Think about the last time you checked the news. Did you feel good afterward? Or, as is often the case these days, did you feel more afraid, angry, cynical, and hopeless? Broadcast news has developed over the years to compete with entertainment for TV ratings. As a result, they tend to sensationalize danger and wrongdoing, evoking fears of corruption and impending doom. The negative effects this has on society at large make up what communications specialist George Gerbner has called the Mean World Syndrome.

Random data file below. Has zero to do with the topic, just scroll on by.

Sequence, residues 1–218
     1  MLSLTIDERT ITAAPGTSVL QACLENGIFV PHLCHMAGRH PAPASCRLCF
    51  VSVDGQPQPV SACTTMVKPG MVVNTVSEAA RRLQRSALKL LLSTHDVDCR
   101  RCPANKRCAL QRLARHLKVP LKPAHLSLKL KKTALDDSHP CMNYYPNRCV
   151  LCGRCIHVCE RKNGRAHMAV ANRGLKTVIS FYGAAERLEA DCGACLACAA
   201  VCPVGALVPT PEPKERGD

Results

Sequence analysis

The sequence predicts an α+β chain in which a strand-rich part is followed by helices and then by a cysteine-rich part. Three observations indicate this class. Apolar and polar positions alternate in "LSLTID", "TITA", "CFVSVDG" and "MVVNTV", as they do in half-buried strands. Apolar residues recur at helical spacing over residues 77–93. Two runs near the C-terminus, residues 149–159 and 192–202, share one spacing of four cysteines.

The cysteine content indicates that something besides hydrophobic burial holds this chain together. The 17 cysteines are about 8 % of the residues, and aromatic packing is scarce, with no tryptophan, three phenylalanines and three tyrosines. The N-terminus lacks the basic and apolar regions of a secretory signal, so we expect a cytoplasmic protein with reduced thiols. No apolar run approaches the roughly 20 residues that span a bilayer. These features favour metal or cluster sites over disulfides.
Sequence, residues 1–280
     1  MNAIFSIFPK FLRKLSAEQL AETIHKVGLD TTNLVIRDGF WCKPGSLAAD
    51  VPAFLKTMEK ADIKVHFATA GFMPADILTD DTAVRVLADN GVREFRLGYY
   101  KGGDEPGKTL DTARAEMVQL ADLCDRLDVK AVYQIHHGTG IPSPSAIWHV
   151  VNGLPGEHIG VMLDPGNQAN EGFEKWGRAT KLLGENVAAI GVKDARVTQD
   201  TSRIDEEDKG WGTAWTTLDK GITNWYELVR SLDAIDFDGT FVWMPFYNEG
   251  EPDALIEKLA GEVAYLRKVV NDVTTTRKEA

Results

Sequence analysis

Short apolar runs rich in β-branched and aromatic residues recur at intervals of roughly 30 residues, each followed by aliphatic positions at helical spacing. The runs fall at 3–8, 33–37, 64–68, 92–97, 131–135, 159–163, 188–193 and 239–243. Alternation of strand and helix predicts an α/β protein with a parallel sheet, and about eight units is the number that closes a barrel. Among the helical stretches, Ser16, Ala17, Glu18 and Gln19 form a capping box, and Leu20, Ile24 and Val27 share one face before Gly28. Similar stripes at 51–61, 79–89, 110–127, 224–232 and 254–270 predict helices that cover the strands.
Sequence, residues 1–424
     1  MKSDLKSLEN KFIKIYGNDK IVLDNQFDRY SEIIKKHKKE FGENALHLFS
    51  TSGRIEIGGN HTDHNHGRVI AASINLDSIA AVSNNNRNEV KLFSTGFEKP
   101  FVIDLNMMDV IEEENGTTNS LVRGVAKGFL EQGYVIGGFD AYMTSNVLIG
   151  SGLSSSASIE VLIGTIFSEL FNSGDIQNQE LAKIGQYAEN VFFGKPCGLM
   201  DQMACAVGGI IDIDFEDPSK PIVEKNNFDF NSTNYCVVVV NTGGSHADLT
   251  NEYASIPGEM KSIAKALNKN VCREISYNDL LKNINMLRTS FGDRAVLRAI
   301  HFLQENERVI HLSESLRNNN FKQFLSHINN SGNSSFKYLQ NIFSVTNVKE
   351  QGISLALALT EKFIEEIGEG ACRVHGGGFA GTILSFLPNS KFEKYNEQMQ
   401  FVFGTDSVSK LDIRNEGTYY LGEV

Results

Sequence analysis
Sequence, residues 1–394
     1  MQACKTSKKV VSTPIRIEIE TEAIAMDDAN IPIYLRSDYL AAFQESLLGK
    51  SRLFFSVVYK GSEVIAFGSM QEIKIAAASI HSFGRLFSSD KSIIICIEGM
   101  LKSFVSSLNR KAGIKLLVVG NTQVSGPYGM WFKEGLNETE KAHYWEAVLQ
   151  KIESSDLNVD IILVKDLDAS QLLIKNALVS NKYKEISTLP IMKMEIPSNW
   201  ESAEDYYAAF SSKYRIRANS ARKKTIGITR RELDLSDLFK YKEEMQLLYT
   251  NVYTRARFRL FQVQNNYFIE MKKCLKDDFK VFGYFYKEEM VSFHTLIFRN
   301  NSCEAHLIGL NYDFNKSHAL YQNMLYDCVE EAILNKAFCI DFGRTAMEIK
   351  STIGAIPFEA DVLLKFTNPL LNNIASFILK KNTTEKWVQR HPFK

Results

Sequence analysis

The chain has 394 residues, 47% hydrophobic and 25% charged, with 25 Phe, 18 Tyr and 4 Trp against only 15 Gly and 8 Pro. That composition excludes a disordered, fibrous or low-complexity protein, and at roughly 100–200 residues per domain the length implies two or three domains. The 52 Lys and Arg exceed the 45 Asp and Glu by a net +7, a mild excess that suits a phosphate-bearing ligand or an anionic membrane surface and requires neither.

The Mean World Syndrome is one of Gerbner's main points under his cultivation theory, which deals with the impact watching television has on how we see the world. The Mean World Syndrome goes one step further, describing the perception that the world is more dangerous than it really is based on what's shown in mass media. According to The Atlantic, there are 3,000 studies before 1971 alone that suggest "a strong connection between television watching and aggression." A lot has been done to shield children from violence on television, but Gerbner argues that we're missing the point. Instead of focusing on ways to hide the violence, he questions the ways in which the violence is portrayed.